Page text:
You simply can’t lose either way.

Human nature being what it is though, canny collectors always look to put their money in the best place to get a return. And who can blame them? Hagerty’s very own valuation guide is the stuff of industry legend, after all, and if you’re looking to spot an upwards trend and potential money parking spot, those deeply-researched numbers will help to steer you in the right direction. Even then, my advice remains the same. If your dream car was actually the Citroen BX GTi, then that’s the one you should buy – if you can find one of course! Just because it doesn’t flex the same potential investment muscle as its 205 stablemate, it’s always more fulfilling to buy with your heart first and head second. Believe me, I’ve been there – too many times, some would say.

Paul Cowland's car collection
Cowland bought all of these with his heart. If you’d seen them, you’d understand why.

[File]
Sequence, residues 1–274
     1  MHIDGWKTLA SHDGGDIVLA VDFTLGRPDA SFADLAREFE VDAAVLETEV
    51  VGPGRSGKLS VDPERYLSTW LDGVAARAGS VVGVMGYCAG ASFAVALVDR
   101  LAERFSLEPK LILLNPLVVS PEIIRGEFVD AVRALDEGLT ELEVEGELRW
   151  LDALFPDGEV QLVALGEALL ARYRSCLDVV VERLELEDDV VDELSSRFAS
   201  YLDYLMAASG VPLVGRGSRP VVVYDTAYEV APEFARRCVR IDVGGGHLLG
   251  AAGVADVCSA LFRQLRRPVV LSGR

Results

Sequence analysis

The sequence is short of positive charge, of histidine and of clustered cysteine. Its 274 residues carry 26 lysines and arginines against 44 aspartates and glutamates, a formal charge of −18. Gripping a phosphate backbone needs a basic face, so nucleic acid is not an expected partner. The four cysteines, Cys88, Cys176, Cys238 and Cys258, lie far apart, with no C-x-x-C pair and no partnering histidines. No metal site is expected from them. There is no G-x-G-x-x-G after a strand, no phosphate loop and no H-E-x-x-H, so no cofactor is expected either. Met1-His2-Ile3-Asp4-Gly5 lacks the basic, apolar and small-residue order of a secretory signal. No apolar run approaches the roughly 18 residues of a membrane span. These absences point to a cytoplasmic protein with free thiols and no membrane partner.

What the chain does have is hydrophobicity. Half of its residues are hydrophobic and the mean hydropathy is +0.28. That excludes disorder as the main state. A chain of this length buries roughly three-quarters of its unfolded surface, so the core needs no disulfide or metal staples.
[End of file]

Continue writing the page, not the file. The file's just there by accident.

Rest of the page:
The quest for investment classics has led to a new phenomenon; that of classic car shares. Companies are now popping up that allow you to buy a percentage of a covetable classic and it’s all very clever on paper. If your budget only stretches to £500 but what you actually want is an RS500 Cosworth, you can now buy a share in one. And once it’s gone up, which it most probably will, and the majority of your fellow shareholders agree, you can sell it, pay off the costs and pocket the premium. Good for your bank balance? Quite possibly. Great for the soul? Not even slightly. You can’t even go and drive ‘your’ car if the mood suits. You can make an appointment to go and sit in it though. Although if you ask really politely at most shows, and are wearing clean trousers, you can achieve the exact same effect for precisely no cost at all.

If you do only have £500 to sink into a classic, my parting advice would be to do just that. Go and buy a £500 classic. It’s probably going to be something relatively unloved from the late ‘90s, but it will be yours. All yours. You can sit in it whenever you like, drive it where you wish and generally do whatever you want with it within the bounds of decency and legality. Because you’ll own it in the very realest sense. You’ll also be able to bring it to Hagerty’s Festival of the Unexceptional, too. An event where, believe it or not, a £500 banger really can receive more love than an RS500.